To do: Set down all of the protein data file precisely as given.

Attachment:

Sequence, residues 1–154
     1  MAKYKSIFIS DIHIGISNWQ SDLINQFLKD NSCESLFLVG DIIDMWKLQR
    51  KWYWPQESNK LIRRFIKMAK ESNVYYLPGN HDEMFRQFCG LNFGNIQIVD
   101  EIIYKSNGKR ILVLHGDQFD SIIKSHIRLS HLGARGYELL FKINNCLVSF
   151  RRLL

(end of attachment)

Sequence, residues 1–154
     1  MAKYKSIFIS DIHIGISNWQ SDLINQFLKD NSCESLFLVG DIIDMWKLQR
    51  KWYWPQESNK LIRRFIKMAK ESNVYYLPGN HDEMFRQFCG LNFGNIQIVD
   101  EIIYKSNGKR ILVLHGDQFD SIIKSHIRLS HLGARGYELL FKINNCLVSF
   151  RRLL